Centauri Dreams note: The use of laser or other forms of beamed propulsion to drive a ‘lightsail’ takes us beyond the conventional solar sail and ramps up the possibilities for missions to other stars. Matloff notes that even low-power beam projectors may help with nearby interstellar missions like the Oort Cloud Explorer by providing an extra push to the vehicle as it approaches the Sun, thus boosting its exit speed out of the Solar System. Such missions would be valuable testbeds for the larger beamed energy facilities that may one day get a lightsail to Alpha Centauri.

Matloff and Taylor’s paper “From the Sun to Infinity” is found in CP664, Beamed Energy Propulsion: First International Syposium on Beamed Energy Propulsion, ed. A.V. Pakhomov (American Institute of Physics, 2003). Matloff and Mallove’s “Solar Sail Starships: Clipper Ships of the Galaxy” appeared in JBIS 34 (1981), pp. 371-380. Their “The Interstellar Solar Sail: Optimization and Further Analysis” appeared in JBIS 36 (1983), pp. 201-209. Both are now considered landmarks in the field of interstellar mission studies.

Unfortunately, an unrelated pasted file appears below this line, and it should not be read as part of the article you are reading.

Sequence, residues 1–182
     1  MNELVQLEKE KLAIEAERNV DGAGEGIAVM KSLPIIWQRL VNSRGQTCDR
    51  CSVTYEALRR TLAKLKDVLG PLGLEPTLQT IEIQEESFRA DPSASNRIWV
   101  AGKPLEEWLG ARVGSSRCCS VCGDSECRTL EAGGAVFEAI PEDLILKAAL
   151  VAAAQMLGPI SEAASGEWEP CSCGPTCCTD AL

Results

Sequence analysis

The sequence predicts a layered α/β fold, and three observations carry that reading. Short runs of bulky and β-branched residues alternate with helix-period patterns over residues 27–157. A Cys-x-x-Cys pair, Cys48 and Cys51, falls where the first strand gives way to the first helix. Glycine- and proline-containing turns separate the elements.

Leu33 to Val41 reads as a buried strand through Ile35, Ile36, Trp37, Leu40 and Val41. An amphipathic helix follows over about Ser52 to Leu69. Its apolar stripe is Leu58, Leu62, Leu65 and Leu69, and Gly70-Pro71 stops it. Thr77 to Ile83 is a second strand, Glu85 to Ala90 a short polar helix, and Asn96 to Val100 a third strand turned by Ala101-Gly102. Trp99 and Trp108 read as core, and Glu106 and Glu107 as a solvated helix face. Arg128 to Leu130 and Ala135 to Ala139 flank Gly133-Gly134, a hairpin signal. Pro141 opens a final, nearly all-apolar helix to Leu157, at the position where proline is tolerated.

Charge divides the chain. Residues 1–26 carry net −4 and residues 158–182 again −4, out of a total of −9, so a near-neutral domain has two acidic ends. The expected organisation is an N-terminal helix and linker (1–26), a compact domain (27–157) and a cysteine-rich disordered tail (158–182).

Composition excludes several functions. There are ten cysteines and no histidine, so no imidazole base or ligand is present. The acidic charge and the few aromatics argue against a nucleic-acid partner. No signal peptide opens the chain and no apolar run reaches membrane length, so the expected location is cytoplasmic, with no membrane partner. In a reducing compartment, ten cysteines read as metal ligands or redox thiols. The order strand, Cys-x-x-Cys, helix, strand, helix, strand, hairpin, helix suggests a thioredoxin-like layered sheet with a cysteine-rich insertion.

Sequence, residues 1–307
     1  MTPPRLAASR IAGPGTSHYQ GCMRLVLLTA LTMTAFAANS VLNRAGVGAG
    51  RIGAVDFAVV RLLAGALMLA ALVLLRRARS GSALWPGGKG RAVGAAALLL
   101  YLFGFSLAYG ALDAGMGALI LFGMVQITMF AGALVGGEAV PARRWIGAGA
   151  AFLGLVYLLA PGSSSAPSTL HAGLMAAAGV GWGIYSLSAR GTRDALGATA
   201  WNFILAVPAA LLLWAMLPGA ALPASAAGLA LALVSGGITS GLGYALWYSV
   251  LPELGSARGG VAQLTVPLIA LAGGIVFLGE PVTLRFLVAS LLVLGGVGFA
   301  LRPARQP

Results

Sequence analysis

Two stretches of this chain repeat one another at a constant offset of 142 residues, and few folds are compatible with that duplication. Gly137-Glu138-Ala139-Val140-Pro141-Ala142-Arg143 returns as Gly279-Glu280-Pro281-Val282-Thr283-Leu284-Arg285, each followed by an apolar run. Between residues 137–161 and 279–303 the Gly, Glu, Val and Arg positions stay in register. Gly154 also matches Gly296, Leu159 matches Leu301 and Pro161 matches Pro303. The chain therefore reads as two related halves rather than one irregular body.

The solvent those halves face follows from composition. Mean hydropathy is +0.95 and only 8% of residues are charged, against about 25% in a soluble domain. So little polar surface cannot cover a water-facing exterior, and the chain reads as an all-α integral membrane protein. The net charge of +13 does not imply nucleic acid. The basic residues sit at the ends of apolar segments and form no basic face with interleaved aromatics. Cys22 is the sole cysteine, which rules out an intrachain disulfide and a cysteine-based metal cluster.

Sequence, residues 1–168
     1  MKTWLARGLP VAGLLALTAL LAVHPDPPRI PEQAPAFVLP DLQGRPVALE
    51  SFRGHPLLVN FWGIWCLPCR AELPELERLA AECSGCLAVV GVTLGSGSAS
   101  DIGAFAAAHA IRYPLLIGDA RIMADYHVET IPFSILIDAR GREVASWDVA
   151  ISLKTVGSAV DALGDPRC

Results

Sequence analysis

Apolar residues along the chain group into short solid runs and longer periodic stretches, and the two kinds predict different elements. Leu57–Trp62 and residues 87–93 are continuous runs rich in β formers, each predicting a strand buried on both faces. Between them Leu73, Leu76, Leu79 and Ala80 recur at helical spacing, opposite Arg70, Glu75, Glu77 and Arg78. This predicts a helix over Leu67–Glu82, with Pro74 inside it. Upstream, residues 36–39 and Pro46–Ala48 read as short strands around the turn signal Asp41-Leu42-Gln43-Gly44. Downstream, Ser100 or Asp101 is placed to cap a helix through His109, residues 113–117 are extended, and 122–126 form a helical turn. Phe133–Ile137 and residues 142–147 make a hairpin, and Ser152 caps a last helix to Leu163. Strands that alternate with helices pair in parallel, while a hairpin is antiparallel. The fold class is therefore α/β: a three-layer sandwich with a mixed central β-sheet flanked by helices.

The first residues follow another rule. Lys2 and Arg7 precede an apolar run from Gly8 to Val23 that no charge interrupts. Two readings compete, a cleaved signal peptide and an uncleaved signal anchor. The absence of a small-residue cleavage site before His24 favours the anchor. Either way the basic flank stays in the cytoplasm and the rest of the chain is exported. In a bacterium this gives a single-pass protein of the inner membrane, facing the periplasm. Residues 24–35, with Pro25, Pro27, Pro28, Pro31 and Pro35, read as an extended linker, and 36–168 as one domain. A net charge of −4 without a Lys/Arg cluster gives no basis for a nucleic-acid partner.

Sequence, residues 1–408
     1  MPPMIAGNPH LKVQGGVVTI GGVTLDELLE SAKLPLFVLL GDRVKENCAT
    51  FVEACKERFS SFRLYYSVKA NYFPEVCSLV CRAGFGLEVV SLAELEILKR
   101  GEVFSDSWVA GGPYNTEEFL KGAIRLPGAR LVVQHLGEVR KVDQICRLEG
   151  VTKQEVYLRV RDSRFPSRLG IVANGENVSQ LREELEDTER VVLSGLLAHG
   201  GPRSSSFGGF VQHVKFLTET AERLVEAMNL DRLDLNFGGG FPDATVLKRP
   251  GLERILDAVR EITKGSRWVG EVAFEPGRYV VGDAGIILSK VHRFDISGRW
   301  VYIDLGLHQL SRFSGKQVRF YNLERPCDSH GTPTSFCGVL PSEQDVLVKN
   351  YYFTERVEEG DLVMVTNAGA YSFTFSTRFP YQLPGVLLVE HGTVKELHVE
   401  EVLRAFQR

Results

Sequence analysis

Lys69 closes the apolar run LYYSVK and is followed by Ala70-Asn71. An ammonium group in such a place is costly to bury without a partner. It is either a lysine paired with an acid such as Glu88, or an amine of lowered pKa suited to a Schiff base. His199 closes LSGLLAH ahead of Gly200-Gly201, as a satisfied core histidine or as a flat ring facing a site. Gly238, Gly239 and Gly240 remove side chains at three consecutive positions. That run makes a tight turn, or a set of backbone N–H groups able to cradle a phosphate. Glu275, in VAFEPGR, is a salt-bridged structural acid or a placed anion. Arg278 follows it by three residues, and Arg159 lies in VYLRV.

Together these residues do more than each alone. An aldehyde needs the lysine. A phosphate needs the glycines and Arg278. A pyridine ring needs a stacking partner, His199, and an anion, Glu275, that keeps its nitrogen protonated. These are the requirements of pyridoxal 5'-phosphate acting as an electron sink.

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  • ljk April 3, 2008, 13:59

    The Formation of the Oort Cloud in Open Cluster Environments

    Authors: Nathan A. Kaib, Thomas Quinn

    (Submitted on 31 Jul 2007 (v1), last revised 2 Apr 2008 (this version, v3))